Hardy orchid trees are always a favorite, and we have some nice gallon sized Bauhinia forficata about 3’ high begging to be planted in the ground. If you live in colder areas (zone 8 or even zone 7b) now is the time to plant this adaptable species so it has a well-established root system to sustain it should an exceptionally cold winter hit seven months from now. Though slightly thorny compared with other orchid trees (but less vicious than the average rose), the large slender-petaled white flowers will make up for any slight scratches you may sustain.

20160419_133217

Sabal Uresana

For the tropical look, we have plenty of the hardy Heliconia schiedeana. Yes, you read that correctly – a hardy “lobster claw” in an otherwise highly tropical genus. In zone 9 of Houston and similar areas where it doesn’t get too exceptionally frosty, this will remain evergreen provided it has overhead protection of evergreen trees. It will freeze back if temperatures reach the mid 20’s, but will vigorously return if the root system is established (plant now!). It will only flower if it has at least two consecutive years where it doesn’t die back, but even if it does, it makes a wonderfully bold foliage plant while you patiently wait for a few mild winters.

We continue to have a good selection of hardy palms, including the beautiful Sonoran Blue Palmetto – Sabal uresana, which really needs to be grown more. A few choice conifers remain including Taxus chinensis, Cephalotaxus harringtoniana (upright and spreading forms), the very rare Cephalotaxus oliveri, Keteleeria davidii, and Pseudolarix amabilis (wow!)

Of course we always maintain a great selection of Agaves, Yuccas, Dyckias, Sotol, Aloes, Cacti, and other plants for xeriscaping. Natives, especially the perennials, have really been popular but we still have a variety of things left. Attention Collectors: You never know what obscure things I might decide to part with from my personal collection I’ve been relocating from Florida, new things appear all the time. In upcoming weeks expect the addition of some tropicals, including some rare Ficus, uncommon Begonia spp., obscure types of Peperomia, Piper, Gesneriads, and who knows what else I’ll dig up!

The nursery continues to be open by appointment on weekdays, so feel free to call and schedule your next plant shopping excursion. Availability changes rapidly so please check in advance if you are interested in anything in particular.


Volunteers hard at work!

Recent visitors to Peckerwood have noticed the big changes to the area around the office buildings. Craig Jackson, Brenda Wilson and Ruth McDonald have been chipping away at turning this former weed patch into the interesting display garden it used to be back when Yucca-do Nursery owned the property. We’ve been focusing on xeric/rock garden type plants utilizing the existing rockwork in place. There is much more to do but it is nice to see so much progress being made. We plan to continue to recover the area behind the office wrapping around to the north, where many plantings like buried under tall grass and weeds waiting to be exposed. This is an area people can enjoy during open days while waiting for the next tour and see examples of plants we offer for sale utilized in the landscape. Thanks Craig, Brenda and Ruth!Pam Romig and Nancy Royal have been regularly assisting with a variety of things including nursery inventory management, garden signage, and countless other administrative duties that help Bethany out tremendously. During the recent open days, Bob and Cherie Lee have been invaluable in the nursery helping with plant sale. John Lomax, Pam Romig and Craig Jackson are always knowledgeable docents leading tours with their own personalized enthusiasm. Many others contributed in so many ways, and we could not move forward without everyone’s help, so thank you all!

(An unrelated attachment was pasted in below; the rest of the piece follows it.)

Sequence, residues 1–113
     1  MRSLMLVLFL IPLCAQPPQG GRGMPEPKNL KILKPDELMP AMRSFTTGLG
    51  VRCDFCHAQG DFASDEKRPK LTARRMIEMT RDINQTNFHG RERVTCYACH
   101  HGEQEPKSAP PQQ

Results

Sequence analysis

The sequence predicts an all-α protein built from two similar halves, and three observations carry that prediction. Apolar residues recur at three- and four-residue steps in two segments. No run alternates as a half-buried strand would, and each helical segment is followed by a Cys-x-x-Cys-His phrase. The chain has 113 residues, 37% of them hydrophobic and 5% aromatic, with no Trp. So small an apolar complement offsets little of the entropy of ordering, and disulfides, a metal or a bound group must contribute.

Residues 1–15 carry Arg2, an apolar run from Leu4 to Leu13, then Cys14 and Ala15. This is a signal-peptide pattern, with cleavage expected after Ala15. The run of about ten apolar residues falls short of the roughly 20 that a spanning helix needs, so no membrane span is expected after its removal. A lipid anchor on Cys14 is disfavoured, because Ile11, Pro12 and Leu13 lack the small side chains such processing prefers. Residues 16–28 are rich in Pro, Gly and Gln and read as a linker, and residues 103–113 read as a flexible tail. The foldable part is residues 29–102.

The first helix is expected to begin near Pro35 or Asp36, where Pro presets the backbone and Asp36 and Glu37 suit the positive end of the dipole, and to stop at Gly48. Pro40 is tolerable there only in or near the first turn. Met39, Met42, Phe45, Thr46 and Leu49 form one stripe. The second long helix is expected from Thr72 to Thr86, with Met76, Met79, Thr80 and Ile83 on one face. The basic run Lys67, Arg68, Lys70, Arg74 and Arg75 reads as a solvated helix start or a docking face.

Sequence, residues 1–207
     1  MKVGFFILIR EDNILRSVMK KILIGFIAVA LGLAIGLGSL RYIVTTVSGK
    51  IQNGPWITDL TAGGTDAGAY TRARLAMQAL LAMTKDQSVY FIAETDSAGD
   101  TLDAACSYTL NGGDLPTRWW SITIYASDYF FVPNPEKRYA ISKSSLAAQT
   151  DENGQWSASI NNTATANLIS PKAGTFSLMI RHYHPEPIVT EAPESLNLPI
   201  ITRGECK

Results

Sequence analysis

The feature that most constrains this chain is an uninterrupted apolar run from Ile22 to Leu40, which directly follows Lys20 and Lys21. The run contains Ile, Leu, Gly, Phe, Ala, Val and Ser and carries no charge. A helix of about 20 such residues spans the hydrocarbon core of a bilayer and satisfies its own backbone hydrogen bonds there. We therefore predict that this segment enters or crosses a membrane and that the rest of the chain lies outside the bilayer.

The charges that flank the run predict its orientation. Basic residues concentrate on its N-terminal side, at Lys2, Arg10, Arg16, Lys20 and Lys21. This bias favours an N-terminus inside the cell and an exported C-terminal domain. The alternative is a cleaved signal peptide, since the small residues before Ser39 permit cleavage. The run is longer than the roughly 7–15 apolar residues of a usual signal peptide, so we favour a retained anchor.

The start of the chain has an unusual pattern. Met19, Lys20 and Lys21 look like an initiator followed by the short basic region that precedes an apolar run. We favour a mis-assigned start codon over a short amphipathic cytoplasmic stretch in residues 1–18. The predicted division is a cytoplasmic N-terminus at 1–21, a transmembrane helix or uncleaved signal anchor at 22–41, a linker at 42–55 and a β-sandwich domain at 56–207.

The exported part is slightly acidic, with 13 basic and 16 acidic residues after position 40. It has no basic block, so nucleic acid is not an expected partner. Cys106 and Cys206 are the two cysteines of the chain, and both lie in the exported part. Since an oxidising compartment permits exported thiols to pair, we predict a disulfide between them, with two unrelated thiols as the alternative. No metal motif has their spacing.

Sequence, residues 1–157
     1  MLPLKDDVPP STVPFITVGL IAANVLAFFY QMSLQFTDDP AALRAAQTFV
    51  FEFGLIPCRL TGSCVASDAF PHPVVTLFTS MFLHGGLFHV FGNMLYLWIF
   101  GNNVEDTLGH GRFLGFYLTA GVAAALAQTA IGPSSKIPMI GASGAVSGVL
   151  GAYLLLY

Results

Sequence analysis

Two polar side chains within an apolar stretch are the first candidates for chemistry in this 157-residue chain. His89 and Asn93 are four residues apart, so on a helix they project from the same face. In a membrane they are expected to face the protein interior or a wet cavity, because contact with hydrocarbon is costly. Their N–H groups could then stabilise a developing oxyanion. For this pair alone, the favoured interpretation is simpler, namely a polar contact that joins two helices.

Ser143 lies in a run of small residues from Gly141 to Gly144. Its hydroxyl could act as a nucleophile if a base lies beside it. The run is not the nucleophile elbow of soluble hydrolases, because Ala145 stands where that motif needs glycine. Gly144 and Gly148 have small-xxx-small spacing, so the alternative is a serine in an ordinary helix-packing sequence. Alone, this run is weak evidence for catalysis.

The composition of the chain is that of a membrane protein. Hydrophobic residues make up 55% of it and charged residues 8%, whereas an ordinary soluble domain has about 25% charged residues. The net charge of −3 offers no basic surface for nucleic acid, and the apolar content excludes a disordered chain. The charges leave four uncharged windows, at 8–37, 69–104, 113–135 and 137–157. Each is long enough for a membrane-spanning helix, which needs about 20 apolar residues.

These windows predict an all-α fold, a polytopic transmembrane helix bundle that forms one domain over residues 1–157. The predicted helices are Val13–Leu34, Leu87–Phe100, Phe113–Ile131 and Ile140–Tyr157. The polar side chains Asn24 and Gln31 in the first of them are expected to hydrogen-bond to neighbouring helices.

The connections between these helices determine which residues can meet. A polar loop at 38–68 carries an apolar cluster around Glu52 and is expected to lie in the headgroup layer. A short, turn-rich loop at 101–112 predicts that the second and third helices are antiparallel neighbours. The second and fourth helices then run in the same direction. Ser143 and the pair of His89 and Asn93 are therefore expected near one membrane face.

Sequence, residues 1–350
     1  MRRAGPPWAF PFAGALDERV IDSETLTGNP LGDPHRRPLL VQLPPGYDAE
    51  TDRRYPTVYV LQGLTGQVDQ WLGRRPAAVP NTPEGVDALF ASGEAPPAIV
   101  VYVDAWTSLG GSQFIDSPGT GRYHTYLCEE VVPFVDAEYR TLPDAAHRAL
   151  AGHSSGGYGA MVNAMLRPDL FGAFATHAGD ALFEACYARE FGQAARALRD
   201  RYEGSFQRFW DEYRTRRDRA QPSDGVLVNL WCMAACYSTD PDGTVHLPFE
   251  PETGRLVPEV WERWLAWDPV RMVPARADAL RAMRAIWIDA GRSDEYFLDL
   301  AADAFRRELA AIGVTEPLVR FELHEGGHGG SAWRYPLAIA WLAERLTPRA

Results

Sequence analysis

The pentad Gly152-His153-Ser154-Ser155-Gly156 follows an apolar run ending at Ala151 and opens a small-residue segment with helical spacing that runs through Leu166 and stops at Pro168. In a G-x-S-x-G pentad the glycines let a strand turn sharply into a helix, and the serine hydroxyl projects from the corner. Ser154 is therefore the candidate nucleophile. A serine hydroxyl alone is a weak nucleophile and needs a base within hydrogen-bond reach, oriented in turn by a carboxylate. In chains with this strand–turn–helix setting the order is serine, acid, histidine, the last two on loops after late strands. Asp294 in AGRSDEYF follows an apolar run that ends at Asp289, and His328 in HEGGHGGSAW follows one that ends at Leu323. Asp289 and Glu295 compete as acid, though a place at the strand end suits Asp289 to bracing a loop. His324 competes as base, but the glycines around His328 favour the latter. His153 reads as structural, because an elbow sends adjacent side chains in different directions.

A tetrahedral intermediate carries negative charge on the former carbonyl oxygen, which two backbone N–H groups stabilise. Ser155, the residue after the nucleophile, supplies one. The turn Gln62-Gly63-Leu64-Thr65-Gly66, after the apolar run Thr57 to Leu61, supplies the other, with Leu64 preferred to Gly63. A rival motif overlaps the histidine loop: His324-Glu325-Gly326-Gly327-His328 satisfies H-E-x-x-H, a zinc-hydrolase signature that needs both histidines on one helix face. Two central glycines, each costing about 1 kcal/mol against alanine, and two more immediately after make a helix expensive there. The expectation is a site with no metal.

Please join us as a member of the Friends of Peckerwood. Members receive free admission on Open Days, notices of special events, discounts on plant purchases at the garden and at participating nurseries.
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Plant of the month: Quercus glauca

With this regular feature, I aim to highlight a signature Peckerwood plant with great ornamental features and adaptability to the tough climate of southeastern Texas. The plants I’ve promoted in the recent newsletters generated great interest but unfortunately were not available in the nursery just yet, resulting in frustration. Therefore I decided to make sure to put a plant in the spotlight that IS available in the nursery, at least while supplies last.

Peckerwood is known for its extensive oak collection, especially those from John’s Mexican collections, but we do have a variety of Asian oaks as well. A few decades ago, John imported seeds of Quercus glauca, also known as the Japanese Blue Oak or Ring-Cupped Oak. They germinated well and were offered through Yucca-do Nursery locally and via mail order, but according to John none sold, presumably due to being just too unfamiliar to collectors at that time. After sitting around for a while, they were eventually planted around the Peckerwood and Yucca-do properties. As they attained significant size, people finally began to notice what attractive evergreen trees they had become, with spreading branching structure, multiple trunks and smooth polychrome bark in shades of silver, white, light green and grey. Many did not immediately recognized these trees as oaks, being the thick, stiff glossy leaves with dark green tops and chalky blue undersides didn’t look remotely like any familiar North American oak. The spreading branching structure was especially appealing, combined with the naturally dense crown. These trees began producing seed –recognizable as a standard oak acorn, but with concentric rings encircling the cap, hence one of the common names (Ring-Cupped Oak). With mature trees to behold in the garden, and now offspring, there were now customers lined up for the opportunity to finally grow this tree that had to earn its admiration over time in the Peckerwood landscape.